Building a healthtech industry in Europe to serve patients

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By Maryvonne Hiance, president of HealthTech For Care; and Christian Pierret, Former Minister Delegate for Industry

The HealthTech For Care endowment fund, launched by France Biotech is designed to support and promote access to care for all and, more specifically, to new medical technologies and drugs. 

Europe is just emerging from a health crisis that has tested its healthcare system and exposed its lack of autonomy in terms of R&D and health data management, as well as its weaknesses in terms of biomanufacturing. 

More than ever, the ability to connect companies, researchers, experts and healthcare professionals to serve patients is a priority. In this context, the healthtech sector, a rich fabric of hundreds of start-ups and SMEs dedicated to the development of drugs, medical devices and innovative digital tools, constitutes a bridge between academic research and industry. 

It has also emerged as an essential link in building an “independent, competitive and innovative” Europe in the field of health, that the European Union’s health ministers decided to encourage in a manifesto signed on March 3.

Europe must also build a strategy to become attractive in the face of American and Asian competition. It must better promote its healthtechs.

Health data sovereignty

The involvement of France, along with Germany, Belgium and the Netherlands, in a consortium project aimed at prefiguring a European health data area, announced in December, is a strong signal of a political will to acquire tools and rules to protect and enable better use of patient data. The first challenge is to guarantee the security of personal data. But it is also a question of enhancing the value of those data in order to value them through innovation, and particularly through the artificial intelligence and big data tools on which Europe is banking so much.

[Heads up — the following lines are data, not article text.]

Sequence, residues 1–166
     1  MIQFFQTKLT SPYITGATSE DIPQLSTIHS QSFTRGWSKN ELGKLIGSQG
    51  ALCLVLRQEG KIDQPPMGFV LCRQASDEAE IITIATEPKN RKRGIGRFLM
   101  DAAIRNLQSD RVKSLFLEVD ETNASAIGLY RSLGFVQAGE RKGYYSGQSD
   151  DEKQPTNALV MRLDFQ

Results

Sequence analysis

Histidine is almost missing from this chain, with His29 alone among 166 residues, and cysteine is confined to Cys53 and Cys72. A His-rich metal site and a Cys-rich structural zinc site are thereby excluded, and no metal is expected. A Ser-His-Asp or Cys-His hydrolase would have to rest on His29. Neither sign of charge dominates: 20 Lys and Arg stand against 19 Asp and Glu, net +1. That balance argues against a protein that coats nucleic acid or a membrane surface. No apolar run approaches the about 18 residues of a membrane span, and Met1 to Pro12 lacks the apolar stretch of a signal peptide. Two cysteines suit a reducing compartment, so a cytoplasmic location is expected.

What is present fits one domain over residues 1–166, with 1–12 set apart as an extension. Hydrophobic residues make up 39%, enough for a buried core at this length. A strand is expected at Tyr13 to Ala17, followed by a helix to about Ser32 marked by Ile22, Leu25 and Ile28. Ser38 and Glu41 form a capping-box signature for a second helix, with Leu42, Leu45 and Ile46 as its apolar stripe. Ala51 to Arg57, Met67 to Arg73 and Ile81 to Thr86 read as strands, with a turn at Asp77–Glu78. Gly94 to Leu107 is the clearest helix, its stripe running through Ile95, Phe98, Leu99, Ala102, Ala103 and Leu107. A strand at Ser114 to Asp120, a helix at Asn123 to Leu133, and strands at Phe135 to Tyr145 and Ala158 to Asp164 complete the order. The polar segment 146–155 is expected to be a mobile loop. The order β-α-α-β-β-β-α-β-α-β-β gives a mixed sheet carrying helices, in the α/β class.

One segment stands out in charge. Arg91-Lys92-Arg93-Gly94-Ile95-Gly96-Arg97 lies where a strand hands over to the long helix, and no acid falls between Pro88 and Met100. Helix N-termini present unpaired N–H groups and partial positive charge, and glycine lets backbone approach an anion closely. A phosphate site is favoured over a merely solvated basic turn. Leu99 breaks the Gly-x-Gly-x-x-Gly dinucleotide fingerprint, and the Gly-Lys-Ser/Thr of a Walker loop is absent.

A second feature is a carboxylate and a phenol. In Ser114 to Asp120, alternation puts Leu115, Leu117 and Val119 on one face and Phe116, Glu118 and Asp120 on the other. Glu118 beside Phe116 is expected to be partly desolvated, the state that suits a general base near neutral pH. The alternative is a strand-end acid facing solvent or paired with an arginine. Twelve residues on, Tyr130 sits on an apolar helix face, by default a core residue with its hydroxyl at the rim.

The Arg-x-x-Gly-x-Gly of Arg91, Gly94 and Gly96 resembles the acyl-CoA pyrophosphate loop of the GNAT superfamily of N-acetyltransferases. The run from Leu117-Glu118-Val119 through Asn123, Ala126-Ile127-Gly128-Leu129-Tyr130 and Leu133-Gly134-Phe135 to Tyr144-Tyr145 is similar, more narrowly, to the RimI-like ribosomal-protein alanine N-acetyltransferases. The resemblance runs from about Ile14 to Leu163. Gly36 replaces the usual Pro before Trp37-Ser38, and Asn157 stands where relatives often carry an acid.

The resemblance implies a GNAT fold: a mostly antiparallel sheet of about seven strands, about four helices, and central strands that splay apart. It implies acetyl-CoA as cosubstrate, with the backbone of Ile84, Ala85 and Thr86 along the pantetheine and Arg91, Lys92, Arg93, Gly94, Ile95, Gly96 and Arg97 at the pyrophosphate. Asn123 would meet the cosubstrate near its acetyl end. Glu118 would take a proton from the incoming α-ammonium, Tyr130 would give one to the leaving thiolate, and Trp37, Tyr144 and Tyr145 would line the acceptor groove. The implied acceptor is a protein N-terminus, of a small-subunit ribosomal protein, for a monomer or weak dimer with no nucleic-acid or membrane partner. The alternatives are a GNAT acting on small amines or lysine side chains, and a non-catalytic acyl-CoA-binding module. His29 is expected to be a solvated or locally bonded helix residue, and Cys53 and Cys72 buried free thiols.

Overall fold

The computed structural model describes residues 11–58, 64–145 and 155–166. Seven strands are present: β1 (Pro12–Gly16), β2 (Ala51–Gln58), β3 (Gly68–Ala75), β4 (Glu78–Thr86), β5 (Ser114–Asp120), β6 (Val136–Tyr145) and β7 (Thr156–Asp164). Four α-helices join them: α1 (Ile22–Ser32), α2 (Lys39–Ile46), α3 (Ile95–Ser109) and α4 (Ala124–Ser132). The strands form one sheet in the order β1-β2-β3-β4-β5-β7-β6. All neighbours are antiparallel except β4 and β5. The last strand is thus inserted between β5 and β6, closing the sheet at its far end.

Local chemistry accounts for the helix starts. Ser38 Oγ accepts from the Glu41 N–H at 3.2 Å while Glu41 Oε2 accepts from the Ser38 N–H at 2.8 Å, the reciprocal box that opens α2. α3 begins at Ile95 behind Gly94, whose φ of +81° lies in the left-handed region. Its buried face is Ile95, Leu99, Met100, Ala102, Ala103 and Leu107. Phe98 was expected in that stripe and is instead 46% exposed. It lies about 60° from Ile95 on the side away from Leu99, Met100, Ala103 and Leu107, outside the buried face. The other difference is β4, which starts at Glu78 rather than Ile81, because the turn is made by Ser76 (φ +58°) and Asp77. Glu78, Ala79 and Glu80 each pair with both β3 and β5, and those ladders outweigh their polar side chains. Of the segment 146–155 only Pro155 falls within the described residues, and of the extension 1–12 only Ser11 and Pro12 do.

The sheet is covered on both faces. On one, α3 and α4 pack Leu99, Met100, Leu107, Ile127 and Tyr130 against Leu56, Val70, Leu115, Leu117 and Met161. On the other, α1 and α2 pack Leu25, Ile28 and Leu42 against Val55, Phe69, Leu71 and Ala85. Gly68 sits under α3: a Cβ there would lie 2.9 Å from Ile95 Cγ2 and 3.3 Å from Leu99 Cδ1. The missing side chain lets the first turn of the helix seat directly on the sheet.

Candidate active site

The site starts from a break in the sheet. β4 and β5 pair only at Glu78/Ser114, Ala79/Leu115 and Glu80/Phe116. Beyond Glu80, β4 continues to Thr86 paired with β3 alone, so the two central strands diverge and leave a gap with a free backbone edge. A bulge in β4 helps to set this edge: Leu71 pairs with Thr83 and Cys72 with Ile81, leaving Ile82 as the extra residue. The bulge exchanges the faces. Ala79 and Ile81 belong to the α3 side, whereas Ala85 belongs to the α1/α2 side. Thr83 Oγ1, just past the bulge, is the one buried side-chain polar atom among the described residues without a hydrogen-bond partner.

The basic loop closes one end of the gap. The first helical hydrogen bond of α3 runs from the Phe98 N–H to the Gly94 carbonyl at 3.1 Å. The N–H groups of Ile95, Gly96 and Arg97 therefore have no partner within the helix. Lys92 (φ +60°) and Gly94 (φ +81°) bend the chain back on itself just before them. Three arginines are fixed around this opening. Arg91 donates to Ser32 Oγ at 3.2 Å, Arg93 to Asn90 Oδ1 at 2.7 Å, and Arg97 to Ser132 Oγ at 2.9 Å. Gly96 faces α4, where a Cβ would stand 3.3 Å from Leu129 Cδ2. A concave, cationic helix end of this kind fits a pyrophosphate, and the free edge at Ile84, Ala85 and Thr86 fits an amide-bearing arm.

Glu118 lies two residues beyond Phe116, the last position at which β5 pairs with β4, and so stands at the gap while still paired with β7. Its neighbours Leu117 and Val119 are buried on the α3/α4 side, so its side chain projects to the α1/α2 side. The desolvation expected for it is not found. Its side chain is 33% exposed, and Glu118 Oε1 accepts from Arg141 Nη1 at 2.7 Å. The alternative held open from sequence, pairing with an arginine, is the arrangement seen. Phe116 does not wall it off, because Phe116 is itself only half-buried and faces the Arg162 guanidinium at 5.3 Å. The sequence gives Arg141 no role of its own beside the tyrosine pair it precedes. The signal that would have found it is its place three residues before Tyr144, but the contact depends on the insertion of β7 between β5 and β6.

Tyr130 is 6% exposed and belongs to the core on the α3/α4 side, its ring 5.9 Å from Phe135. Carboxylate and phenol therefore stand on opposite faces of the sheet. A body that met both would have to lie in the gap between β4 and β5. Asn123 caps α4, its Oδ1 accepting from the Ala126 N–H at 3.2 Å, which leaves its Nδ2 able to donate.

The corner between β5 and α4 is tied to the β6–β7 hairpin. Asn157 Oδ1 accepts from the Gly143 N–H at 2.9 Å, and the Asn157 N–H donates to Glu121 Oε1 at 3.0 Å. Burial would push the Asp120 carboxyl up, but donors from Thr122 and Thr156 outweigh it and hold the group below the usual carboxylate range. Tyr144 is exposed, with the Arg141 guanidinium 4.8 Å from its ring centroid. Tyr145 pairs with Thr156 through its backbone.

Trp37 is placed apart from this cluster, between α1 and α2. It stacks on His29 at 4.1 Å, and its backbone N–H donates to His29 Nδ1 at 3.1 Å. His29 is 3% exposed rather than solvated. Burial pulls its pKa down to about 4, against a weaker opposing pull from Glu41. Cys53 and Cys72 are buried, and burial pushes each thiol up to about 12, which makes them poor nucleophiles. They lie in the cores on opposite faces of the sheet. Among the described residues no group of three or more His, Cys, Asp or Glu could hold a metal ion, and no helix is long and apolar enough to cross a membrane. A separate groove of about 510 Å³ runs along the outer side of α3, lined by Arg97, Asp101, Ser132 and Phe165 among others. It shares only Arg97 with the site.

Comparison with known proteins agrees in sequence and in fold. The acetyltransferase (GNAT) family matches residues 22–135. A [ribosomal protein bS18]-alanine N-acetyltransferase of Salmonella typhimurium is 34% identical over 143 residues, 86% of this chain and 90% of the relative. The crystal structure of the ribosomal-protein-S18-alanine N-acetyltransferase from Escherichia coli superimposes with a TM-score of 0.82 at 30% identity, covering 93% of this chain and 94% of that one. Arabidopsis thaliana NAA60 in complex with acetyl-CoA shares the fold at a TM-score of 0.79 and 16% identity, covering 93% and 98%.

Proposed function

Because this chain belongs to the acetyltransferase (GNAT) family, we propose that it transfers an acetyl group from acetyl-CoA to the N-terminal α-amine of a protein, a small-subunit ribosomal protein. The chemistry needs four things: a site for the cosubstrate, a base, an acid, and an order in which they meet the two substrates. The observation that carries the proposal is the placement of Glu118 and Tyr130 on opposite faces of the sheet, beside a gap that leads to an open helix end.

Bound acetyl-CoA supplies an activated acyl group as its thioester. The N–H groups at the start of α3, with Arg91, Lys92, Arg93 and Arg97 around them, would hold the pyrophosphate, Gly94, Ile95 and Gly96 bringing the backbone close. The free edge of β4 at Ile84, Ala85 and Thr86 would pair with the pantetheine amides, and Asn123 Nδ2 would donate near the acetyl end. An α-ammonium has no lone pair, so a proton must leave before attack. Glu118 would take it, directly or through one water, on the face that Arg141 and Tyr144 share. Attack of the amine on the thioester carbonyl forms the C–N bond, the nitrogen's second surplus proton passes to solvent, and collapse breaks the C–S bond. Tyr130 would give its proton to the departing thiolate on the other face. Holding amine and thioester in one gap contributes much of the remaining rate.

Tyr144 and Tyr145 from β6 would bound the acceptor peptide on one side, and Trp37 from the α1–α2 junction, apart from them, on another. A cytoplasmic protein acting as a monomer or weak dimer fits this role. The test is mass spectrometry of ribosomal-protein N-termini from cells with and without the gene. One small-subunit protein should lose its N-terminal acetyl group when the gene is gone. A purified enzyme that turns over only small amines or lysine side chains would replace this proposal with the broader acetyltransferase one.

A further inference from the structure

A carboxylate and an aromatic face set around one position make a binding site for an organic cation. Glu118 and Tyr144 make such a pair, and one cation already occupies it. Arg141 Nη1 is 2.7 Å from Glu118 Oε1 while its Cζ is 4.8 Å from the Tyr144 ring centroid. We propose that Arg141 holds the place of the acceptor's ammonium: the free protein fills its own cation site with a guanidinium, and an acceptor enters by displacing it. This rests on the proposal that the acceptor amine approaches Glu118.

France alone has no fewer than 350 start-ups and SMEs, a figure that is growing by more than 30% per year. The goal is to reach a critical mass of data and to exploit its full potential for the benefit of patients.

Financial sovereignty

Europe undoubtedly has the largest pool of scientific resources in the world. This is fertile ground for healthtech start-ups, but it is hampered by the lack of funding available for long-term development. Too many technologies developed in Europe are acquired by foreign players, such as the anti-Covid vaccine of the German biotech BioNTech, marketed by the American group Pfizer, or the enormous portfolio of gene therapies developed by Genethon, which is now largely licensed to American biotechs (Sarepta, Avexis, Audentes, Orchard, Spark).